This study has combined both quantitative and qualitative data. Quantitative data was collected on the trends of user population size, acquisition, expenditure of institutional funds and human resource and training over a five-year period. This data has been analysed, summarised and presented in tables using totals, ratios and percentages. Data from different institutions has been presented where possible in single tables to facilitate comparison. In regard to each issue, textual comments have been made with direct reference to the statistical data.

Hand in hand with this, qualitative data such as relating to users’ experiences in library use as well as information relating to practices and procedures and opinions expressed by librarians has also been compared and summarised. Under each issue a discussion has been done with similarities and differences in what is taking place in the selected institutions being brought out. It is out of these discussions that general conclusions have been reached and recommendations made.


The researcher also made a survey of the existing literature on university libraries. It was observed that there is scarcity of literature on Kenyan university libraries as a whole and librarianship in Kenya in general. Most official documents of universities do not deal with libraries specifically but generally with university facilities. So they were of limited use. There has been little research and writing in the area of librarianship in Kenya and much less on the subject of university libraries. Librarians in Kenya have not been publishing much whether in journals or books and much research that has taken place lies more or less in theses form.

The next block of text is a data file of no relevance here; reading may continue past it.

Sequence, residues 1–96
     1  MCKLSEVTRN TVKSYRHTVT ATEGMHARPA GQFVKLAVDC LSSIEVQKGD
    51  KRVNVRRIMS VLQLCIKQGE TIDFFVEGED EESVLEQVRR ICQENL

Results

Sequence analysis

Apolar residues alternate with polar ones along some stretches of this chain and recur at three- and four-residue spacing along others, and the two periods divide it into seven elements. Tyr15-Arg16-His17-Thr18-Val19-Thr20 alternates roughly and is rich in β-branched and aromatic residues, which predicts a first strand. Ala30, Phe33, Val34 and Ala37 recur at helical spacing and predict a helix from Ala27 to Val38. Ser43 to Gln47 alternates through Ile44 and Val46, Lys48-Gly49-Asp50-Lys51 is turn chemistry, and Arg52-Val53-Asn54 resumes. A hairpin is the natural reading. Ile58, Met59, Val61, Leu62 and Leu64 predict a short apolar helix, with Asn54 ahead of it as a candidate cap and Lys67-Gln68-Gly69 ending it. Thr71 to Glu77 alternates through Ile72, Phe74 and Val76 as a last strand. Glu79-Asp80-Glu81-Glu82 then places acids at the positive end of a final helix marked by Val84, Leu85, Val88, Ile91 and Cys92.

[page 103↓]

Another problem encountered was related to library statistics. In the course of the study it became evident that statistics on library expenditure and collection growth were not regularly collected and in some cases the researcher had to go by estimates. Indeed this was a big problem such that some statistics such as those on use, interlibrary loan had to be discarded because they were scanty and did not facilitate comparison.

Footnotes and Endnotes

1 Rosenberg, Vol. 1., p. 9